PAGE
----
Marks & Spencer and The Co-op are the UK's greenest supermarkets according to a survey by Ethical Consumer magazine.
Ethical Consumer compared the environmental and ethical performance of 19 of the UK's leading supermarkets and convenience shops. It found a clear gap between M&S and the Co-op and the other 19 companies.
In order to reach its conclusion the magazine carried out research into the companies' policies and performance including analysis of their CSR reports.
It found that the three worst performing companies in terms of ethics and environment were Tesco, ASDA and Netto, which came bottom.
Ethical Consumer commended the Co-op for its sourcing policy for fish, which is based on the aims and objectives of the Marine Stewardship Council. The Co-op also won points for its goal of 98% renewable electricity at its 5,500 sites across the UK.
M&S won plaudits for its policies regarding palm oil and its partnership with WWF on this issue. In addition, M&S gained top marks for the climate change element of its CSR strategy. This includes using non crop-derived bio fuels in its fleet.
Both companies have impressive long-term track records in CSR.
M&S recently announced a major shift in its transport system to cut its carbon emissions. M&S will now move 300,000 clothing and home products from road to rail distribution saving 800 tonnes of CO2 a year. This forms part of its Plan A to combat climate change, a key element of M&S's CSR strategy.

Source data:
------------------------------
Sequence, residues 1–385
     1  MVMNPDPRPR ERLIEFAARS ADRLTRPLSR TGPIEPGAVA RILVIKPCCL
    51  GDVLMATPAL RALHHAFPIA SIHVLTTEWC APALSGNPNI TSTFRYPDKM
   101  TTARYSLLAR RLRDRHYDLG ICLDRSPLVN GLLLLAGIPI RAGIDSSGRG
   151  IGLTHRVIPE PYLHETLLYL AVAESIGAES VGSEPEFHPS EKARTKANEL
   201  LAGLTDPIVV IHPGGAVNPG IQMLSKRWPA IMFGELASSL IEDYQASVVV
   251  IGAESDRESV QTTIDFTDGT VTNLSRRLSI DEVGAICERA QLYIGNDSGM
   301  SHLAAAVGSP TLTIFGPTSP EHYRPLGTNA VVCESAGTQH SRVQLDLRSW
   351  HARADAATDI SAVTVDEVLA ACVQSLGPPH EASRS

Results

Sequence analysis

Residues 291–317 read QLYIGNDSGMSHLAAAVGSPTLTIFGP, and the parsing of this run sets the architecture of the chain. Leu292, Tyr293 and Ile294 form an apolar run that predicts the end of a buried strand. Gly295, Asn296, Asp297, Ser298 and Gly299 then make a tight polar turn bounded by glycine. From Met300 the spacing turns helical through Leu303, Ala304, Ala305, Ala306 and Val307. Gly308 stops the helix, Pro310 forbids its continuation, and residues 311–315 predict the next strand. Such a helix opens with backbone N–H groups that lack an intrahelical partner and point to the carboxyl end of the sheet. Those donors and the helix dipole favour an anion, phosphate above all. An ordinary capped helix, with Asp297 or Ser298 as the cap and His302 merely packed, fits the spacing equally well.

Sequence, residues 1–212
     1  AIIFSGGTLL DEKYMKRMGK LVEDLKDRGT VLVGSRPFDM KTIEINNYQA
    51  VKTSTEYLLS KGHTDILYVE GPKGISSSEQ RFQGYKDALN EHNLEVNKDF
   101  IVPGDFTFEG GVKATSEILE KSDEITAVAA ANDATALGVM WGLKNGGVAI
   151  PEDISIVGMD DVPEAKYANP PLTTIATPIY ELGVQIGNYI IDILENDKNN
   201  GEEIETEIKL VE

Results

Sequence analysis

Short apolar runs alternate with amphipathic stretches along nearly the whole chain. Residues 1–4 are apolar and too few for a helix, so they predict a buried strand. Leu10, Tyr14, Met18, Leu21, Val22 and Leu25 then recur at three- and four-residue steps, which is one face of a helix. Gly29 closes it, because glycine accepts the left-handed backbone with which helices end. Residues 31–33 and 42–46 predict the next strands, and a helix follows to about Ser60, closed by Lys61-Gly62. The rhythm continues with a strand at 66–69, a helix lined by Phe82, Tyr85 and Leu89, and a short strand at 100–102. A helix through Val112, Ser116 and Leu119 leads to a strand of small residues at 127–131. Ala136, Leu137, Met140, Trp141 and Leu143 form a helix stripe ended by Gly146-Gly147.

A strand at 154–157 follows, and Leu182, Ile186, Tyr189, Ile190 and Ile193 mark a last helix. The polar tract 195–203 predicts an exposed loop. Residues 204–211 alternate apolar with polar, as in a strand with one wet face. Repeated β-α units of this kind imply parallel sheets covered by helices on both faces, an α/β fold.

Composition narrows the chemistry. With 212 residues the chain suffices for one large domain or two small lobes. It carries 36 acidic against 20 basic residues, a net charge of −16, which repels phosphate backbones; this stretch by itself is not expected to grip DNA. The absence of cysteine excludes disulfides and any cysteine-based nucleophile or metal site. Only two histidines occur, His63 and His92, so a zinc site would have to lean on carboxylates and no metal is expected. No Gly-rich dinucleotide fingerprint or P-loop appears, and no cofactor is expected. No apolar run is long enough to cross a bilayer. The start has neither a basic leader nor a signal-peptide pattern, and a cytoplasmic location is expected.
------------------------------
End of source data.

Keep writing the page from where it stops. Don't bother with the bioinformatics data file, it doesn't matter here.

It is the first time that M&S will transport clothing on hangers by rail, following a trial earlier this year. The system to allow the transport of clothing in this way was funded by a six-figure grant from the Plan A Innovation Fund. This fund was set up by M&S to finance business ideas that have an environmental or ethical benefit.
Earlier this year, members of the Co-operative Group gave more than £1m of their interim dividend to charities and community groups.
The 4.8m members of the group who used their dividend card earned £16.9m. Half of those receiving a payment have chosen to give all or part of their profits to charity - a massive £1.2m.
The members were eligible to receive a cash payment based on points earned when shopping at any of the Group's businesses.
Rob Harrison from Ethical Consumer and co-author of the buyers' guide said:
"If you're lucky enough to live close to a local independent shop that has an ethical stocking policy then this is where we would recommend people to shop. However the reality is that the vast majority of us now shop in supermarkets and we would therefore urge shoppers to choose either the Co-op or M&S."
"These two companies have made genuine efforts to reduce the environmental and ethical impact of their operations and have demonstrated that they are setting the environmental agenda for supermarkets."
Fuente: Just Means